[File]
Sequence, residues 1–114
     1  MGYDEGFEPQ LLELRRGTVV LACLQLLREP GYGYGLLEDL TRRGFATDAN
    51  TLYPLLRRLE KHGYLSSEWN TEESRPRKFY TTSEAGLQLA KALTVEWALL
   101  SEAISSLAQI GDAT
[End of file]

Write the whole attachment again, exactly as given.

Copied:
Sequence, residues 1–114
     1  MGYDEGFEPQ LLELRRGTVV LACLQLLREP GYGYGLLEDL TRRGFATDAN
    51  TLYPLLRRLE KHGYLSSEWN TEESRPRKFY TTSEAGLQLA KALTVEWALL
   101  SEAISSLAQI GDAT